Critics are blasting legislators after the state's budget committee passed a surprise motion last week that would allow private, home-schooled and online charter students to participate in public school district athletics and activities.
DOVER — Under a cloudy sky, with rain that fell intermittently, hundreds came to remember veterans who served and sacrificed their lives for their country at a Memorial Day ceremony at the Southern Wisconsin Veterans Memorial Cemetery on Sunday.
Amid the solemnity, Gov. Scott Walker, who gave the keynote address, honored the memory of soldiers in Wisconsin, in which those who’ve fought date back to the Civil War. Since that time, according to Walker, 899,120 have served in the armed forces, and 26,823, he said, “have made the ultimate sacrifice.”
KENOSHA — Fog often settles over Simmons Field in the late spring and early summer, but as the Kenosha Kingfish begin their second season in the Northwoods League (7:05 p.m. Tuesday at home against the St. Cloud Rox) there is another thing lingering over the historic ballpark.
A sense of calmness.
Cash is no longer king.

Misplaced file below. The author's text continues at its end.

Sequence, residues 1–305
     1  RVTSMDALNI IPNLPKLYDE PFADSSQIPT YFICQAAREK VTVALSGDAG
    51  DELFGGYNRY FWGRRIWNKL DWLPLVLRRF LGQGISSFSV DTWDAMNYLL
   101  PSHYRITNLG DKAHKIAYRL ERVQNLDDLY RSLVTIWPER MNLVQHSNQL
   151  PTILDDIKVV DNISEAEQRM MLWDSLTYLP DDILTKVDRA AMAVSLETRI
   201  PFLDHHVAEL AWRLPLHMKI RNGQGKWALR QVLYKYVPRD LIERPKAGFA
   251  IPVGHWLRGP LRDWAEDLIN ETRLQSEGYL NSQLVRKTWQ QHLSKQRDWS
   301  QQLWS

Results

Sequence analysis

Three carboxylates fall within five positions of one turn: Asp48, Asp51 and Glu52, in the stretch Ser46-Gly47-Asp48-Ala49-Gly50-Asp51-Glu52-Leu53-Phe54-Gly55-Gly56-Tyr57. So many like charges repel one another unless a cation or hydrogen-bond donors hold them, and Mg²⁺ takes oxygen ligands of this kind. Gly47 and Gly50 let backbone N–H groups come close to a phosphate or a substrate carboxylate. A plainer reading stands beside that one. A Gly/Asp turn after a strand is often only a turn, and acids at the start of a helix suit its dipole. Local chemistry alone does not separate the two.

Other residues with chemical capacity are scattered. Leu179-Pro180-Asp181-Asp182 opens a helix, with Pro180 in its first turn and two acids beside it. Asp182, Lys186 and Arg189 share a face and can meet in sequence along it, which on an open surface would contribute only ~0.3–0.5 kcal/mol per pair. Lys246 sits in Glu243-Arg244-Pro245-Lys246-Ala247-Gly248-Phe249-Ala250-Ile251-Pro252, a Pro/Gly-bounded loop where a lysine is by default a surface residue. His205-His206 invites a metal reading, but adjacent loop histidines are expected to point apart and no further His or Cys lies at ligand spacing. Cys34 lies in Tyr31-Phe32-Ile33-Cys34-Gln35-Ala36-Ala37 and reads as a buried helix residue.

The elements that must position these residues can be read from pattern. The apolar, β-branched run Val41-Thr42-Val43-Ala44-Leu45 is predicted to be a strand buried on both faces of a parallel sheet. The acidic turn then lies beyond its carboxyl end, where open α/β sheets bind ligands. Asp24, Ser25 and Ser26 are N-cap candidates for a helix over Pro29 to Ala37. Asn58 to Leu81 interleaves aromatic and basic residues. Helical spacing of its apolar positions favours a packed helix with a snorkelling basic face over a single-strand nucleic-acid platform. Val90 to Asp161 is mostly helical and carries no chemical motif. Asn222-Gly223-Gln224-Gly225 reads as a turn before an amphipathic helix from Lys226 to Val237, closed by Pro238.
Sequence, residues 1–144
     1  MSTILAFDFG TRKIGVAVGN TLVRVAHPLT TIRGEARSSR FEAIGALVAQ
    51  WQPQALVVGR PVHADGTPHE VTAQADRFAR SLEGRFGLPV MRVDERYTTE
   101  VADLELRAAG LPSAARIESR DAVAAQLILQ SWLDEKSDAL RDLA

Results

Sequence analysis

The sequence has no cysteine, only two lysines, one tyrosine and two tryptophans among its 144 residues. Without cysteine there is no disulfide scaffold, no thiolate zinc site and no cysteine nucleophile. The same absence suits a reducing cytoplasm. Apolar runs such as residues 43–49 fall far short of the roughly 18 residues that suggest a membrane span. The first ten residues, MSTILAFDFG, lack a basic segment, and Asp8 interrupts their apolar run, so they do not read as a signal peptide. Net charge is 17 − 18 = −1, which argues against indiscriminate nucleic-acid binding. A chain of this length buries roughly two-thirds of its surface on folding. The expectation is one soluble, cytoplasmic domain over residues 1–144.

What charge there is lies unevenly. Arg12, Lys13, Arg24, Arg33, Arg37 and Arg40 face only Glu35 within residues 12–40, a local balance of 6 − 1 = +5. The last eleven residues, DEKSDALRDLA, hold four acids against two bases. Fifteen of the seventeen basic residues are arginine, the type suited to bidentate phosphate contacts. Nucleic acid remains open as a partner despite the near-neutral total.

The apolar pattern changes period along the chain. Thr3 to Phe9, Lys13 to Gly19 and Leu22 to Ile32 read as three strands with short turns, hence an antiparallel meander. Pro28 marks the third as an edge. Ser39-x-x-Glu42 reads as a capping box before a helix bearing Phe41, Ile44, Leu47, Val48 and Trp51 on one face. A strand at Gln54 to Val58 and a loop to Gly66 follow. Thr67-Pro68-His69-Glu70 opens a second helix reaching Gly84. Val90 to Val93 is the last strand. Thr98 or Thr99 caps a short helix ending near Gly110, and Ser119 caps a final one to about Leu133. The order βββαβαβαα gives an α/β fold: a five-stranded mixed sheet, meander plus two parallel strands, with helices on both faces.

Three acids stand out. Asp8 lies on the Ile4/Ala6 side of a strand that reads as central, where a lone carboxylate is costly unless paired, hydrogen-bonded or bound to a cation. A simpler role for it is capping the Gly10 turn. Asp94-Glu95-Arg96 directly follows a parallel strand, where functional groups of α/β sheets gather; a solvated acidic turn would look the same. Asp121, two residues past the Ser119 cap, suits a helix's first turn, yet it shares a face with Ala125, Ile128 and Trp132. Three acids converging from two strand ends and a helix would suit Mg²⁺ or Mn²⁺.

More than half of all Americans say they have gone an entire week without paying for anything with cash or coin, according to a new survey of 800 adults conducted by Rasmussen Reports.
DART — To Gov. Scott Walker for his continued insistence on cutting 64 positions from the Department of Natural Resources as part of a $4.7 million budget reduction to state parks, trails and recreation areas. In essence, the governor’s budget removes direct state funding and creates a system that relies on private sponsorships and user fees for support. The state parks are a superb tourism attraction, drawing lots of visitors from neighboring Illinois and elsewhere. Cutting state support is penny wise and pound foolish.
The local Orson Welles centennial celebration, organized by the Citizen Welles Society of Kenosha, continues this afternoon with what the group’s chairwoman, Nita Hunter, calls “the granddaddy” of all the events.
Orson Welles — whose 100th birthday was May 6 — is Kenosha’s most famous native son. And to celebrate his legacy, Welles-themed parties, plays, lectures, puppet sketches and film screenings have been going on all month.